Once her feet had touched free land, Hirsi Ali took root and began to put forth flowers. She was offered a position in parliament by the conservative VVD party and qualified for a seat in January, 2003. On November 2, 2004, film maker Theo Van Gogh, a relative of the artist Vincent Van Gogh, was found shot to death on a street not far from his office. Dutch Moroccan terrorist Mohammed Bouyeri had murdered Van Gogh and thrust a knife through his chest. Pinned to Van Gogh’s chest by the knife was a rambling, six page religious manifesto.

VanGogh was murdered because he had committed the unpardonable sin of assuming he was a free man in a free country, shaped by the same Enlightenment period that here in the United States had produced a Tom Paine and a Thomas Jefferson. VanGogh had made a film, Submission, that dramatized the plight of women in Islamic culture. The knife in the chest and the rambling manifesto, addressed to Hersi Ali, were radical Islam’s answer to the perceived insult. Following the murder of VanGogh, the notorious Hofstad Network vowed that Hersi Ali, Submision’s author, would meet the same fate.

One day Hersi Ali was eating at a restaurant, surrounded by body guards, when she was approached by young student, a recent convert, who tapped her on the shoulder.

''I turned around,'' she recalled in a New York Times magazine story, ''and saw this sweet, young Dutch guy, about 24 years old. With freckles! And he was like, 'Madam, I hope the mujahedeen get you and kill you.' ''

Hersi Ali handed him her butter knife and said, “Why don’t you do it yourself.”

Naturally, all this attention from murderous thugs had her neighbors understandably nervous, and now the Dutch government gamely has decided that since Hersi Ali entered the country on false premises, her status as a Dutch national is questionable.

It must have come as a relief to her adopted land when Hirsi Ali announced on May 16, that she would leave parliament, move to the United States and accept a position with the American Enterprise Institute, a conservative think tank in this the land of the free and the home of the brave.

So, with any luck – Ayann means good luck -- we may be receiving yet another stormed tossed wretch at our golden door sometime in September.

But why haven’t US liberals – women’s liberationists, morally charged atheists, Democrats who regularly sup at Jackson Jefferson dinners, editorial writers sucking at the teats of the Enlightenment – raised their boisterous voices in her defense? Why is her name not on every liberal lip in the land of the First Amendment?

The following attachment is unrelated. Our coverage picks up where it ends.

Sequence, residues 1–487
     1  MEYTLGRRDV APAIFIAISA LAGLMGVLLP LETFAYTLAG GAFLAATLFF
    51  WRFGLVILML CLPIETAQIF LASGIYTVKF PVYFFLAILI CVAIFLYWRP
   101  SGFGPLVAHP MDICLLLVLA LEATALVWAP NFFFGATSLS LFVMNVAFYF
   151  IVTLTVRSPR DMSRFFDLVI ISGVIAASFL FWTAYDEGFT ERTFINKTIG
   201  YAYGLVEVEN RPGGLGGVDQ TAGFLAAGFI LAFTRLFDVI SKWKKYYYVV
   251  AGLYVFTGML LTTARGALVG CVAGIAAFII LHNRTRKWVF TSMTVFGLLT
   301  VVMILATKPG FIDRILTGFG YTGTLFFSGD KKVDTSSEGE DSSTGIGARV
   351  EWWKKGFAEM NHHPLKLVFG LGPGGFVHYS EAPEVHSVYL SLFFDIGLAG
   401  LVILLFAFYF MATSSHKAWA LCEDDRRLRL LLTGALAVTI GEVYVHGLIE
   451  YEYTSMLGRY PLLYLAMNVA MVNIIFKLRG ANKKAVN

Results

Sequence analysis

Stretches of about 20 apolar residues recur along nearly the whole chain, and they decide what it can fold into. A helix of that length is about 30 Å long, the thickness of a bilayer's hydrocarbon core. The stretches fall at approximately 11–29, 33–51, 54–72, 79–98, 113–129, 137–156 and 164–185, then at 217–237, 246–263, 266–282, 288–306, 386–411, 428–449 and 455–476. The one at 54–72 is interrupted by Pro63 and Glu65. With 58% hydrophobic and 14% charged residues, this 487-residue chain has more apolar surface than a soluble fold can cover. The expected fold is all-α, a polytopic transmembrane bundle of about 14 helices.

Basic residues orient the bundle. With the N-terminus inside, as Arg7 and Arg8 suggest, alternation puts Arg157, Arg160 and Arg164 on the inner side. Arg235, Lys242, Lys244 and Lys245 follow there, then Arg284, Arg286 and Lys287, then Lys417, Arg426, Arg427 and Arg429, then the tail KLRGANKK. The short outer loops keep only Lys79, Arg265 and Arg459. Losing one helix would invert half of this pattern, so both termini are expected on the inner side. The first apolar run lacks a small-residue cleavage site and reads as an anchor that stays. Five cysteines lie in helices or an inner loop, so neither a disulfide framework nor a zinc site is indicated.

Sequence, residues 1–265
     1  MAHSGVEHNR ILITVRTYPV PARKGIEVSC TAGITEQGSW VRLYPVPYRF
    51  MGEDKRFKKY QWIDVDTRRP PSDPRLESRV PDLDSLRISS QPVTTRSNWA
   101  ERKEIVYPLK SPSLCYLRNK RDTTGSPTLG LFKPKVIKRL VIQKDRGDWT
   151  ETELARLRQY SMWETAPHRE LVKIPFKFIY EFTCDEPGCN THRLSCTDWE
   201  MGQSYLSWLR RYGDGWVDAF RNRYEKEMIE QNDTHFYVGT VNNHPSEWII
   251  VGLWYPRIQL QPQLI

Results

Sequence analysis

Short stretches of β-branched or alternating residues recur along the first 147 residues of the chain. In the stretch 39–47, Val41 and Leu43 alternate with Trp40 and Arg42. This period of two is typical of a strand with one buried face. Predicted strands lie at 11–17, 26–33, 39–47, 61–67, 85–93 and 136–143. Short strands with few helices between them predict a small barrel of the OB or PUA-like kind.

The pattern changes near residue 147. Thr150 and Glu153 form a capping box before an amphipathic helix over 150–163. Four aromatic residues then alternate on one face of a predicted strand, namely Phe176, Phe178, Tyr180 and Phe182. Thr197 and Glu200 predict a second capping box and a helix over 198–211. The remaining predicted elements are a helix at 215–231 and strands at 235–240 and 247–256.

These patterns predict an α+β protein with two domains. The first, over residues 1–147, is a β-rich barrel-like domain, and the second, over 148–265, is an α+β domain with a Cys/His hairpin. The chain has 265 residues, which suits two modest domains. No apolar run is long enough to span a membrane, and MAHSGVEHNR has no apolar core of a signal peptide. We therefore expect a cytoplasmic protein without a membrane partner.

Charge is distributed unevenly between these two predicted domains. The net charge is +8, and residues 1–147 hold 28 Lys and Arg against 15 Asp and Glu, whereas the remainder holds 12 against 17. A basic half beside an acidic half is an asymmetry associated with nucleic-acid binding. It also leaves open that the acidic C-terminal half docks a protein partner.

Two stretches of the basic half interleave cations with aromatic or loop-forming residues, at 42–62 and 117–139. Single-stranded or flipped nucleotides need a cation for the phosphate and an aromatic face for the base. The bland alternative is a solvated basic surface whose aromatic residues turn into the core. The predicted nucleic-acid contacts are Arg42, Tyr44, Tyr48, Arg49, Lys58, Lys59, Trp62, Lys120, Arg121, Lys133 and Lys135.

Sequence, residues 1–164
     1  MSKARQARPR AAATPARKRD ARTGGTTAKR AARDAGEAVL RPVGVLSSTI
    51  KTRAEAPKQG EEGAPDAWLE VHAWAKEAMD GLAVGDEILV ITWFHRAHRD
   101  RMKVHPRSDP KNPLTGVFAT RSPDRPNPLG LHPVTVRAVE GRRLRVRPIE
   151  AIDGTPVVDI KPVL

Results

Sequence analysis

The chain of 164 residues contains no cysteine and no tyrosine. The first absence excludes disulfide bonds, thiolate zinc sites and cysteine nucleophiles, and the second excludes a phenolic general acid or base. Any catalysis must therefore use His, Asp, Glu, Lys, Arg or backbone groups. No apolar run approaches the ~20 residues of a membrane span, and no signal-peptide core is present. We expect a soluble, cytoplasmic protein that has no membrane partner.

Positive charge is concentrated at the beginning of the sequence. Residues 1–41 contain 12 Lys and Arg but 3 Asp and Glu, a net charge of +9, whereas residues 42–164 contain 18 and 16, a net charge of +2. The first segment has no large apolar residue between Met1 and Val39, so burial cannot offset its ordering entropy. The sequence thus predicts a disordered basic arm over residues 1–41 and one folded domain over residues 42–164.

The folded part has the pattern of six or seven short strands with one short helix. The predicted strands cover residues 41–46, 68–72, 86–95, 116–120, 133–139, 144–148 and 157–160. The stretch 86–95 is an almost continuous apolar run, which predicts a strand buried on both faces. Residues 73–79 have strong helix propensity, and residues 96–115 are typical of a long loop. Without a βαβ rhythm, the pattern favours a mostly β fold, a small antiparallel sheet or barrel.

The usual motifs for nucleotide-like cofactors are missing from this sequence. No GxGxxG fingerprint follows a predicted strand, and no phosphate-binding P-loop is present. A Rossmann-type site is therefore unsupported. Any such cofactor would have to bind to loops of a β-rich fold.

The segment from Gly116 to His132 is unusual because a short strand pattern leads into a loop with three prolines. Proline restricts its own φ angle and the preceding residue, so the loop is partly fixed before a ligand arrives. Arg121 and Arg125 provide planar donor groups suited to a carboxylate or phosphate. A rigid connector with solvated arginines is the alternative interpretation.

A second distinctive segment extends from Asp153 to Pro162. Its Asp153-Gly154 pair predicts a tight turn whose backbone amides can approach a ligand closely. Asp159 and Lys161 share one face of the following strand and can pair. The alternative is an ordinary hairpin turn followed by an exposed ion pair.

The unnatural reserve of liberals towards Hirsi Ali may have something to do with the following lines from her recent book The Caged Virgin, which unashamedly celebrates the liberators of caged virgins everywhere, George Bush and Tony Blair: “The adherents to the gospel of multiculturalism refuse to criticize people whom they see as victims. Some Western critics disapprove of United States policies and attitudes but do not criticize the Islamic world, just as, in the first part of the twentieth century, Western socialist apologists did not dare criticize the Soviet labor camps.”

Sunday, May 21, 2006

To The Republicans in Windsor

From an address to Windsor Republicans at their annual Republican of the year awards dinner.The award this year was given to Steve Ellingwood.

Reading his own obituary in a local paper, Mark Twain once said that the news of his demise had been “greatly exaggerated.”

There has been much written lately concerning the death of political parties. But the reputed demise is, I think, premature – which may prove, as it did in Twain’s day, that newspaper writers, columnists and other professional worry-warts have, once again, gotten it wrong. The presence in this room of so many hard working, energetic and committed Republicans certainly gives the lie to that notion.

The news that journalism is dead has also been tossed about lately. An exhaustive survey released by the much respected Project for Excellence in Journalism indicates that national newspaper chains may be on their deathbeds. According to the report, the public “increasingly sees the press as slanted… Nearly three quarters of Americans, 72% in the summer of 2005, saw the press as favoring one side, up from 66% two years earlier.”

I’ll share a secret with you: I live in the hope that these figures someday will be replicated by political parties. While it may surprise some people, most grown-ups expect parties to be partisan.